Oct 30Liked by Kaitlin Curtice

I’m reminded of a time when I was in grief and reading a novel by Justin Cronin, a line that has stayed with me,

‘Grief was a place, Sara understood, where a person went alone. It was like a room without doors, and what happened in that room, all the anger and the pain you felt, was meant to stay there, nobody's business but yours.’

It feels lonely. Going through grief is a process, I’ve recognised I’m a long way from where I started. There’s many twists and bumps in the road!

Looking back is something I recommend, acknowledge the journey, look back to what you missed out on and always wanted to do as a kid. Try new things, experiment (safely) - be creative and playful, listen to music, create the life that makes you feel. Meditate. Provide a safe space for you.

Learn about yourself and others, be open minded. Watch yourself come full circle, learn from your experience.

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Thank you for the poem 🧡

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I’m completely stunned - but perhaps I should not be. Spirit knows I’m hurting - and this goes to the core. My tired heart says thank you, thank you very, very much…

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Thank you Kaitlin. What wisdom AndI sights you share. Your narrative speaks so dearly to me, and has me reflecting on all of the times I came to discover a community or institution or country were not what they purported to be. As a teenager in the south in the sixties, the harsh realities that came rushing to my young consciousness as the lies about civil and human rights, the terrible lies of the Vietnam War, the worth, value and rights of women, the plundering of the earth and environment, including right in my homeland, broke my heart and made me angry and full of outrage. More discoveries followed through the journey from there.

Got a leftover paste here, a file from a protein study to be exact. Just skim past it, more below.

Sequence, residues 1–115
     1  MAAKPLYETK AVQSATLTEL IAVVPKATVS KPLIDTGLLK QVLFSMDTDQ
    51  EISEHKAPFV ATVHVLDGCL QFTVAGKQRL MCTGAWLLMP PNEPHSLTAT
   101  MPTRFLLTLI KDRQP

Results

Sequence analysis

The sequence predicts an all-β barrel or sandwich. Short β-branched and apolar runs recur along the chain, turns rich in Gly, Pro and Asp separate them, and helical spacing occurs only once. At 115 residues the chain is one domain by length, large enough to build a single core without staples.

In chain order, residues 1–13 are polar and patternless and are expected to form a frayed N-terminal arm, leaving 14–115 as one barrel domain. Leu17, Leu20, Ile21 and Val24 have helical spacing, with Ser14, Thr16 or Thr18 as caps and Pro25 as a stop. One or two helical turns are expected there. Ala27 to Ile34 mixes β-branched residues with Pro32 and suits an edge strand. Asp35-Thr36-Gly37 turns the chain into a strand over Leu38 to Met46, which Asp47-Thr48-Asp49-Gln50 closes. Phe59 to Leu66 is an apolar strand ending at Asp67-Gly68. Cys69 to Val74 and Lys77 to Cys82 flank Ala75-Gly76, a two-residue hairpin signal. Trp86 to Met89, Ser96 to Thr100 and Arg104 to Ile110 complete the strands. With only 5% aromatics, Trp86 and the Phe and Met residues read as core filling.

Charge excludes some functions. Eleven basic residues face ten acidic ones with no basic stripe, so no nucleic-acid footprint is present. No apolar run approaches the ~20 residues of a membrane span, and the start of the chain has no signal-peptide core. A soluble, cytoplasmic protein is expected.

The anger and the rage subsides, but the grief and broken heart arise, especially as the reality becomes clearer of the terrible gap between the institutional and community values we hold and the ways that we practice.

I have been with so many whose grief from leaving church or a faith community came because of true harm done to them or others that they loved. The wresting away of a safe place whose hypocrisy came clear and/or whose welcome and love showed to be conditional and provisional depending on your social identity, your beliefs and/or the journey you felt called to and tor. For many, that is a grief that lasts a lifetime, even when love and belonging manifest elsewhere.

Sorry to write such a long comment. I will share that music, poetry, nature and the overwhelming power of kindness are always healing and beloved companions in my grief journey.

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I also meant to share I ordered copies of your new book and more of Living Resistance at a local bookstore, the wonderful Water Street Books in Exeter, NH. I can’t wait to pick up your new book this week and Living Resistance is on back order, which I took as a sign it is very popular! 🙏🏻

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I have been deeply supported by the reminder that I can only love a big as I grieve and I love BIG. That grief is an expression of love helps remind me of its worth, its necessity to be felt and how separated we've become from the death/life cycle. Nature often reminds me of this necessary and painful cycle. Reminding me of the seasonal ways things die and bloom and how we are not separated from this but so deeply linked.

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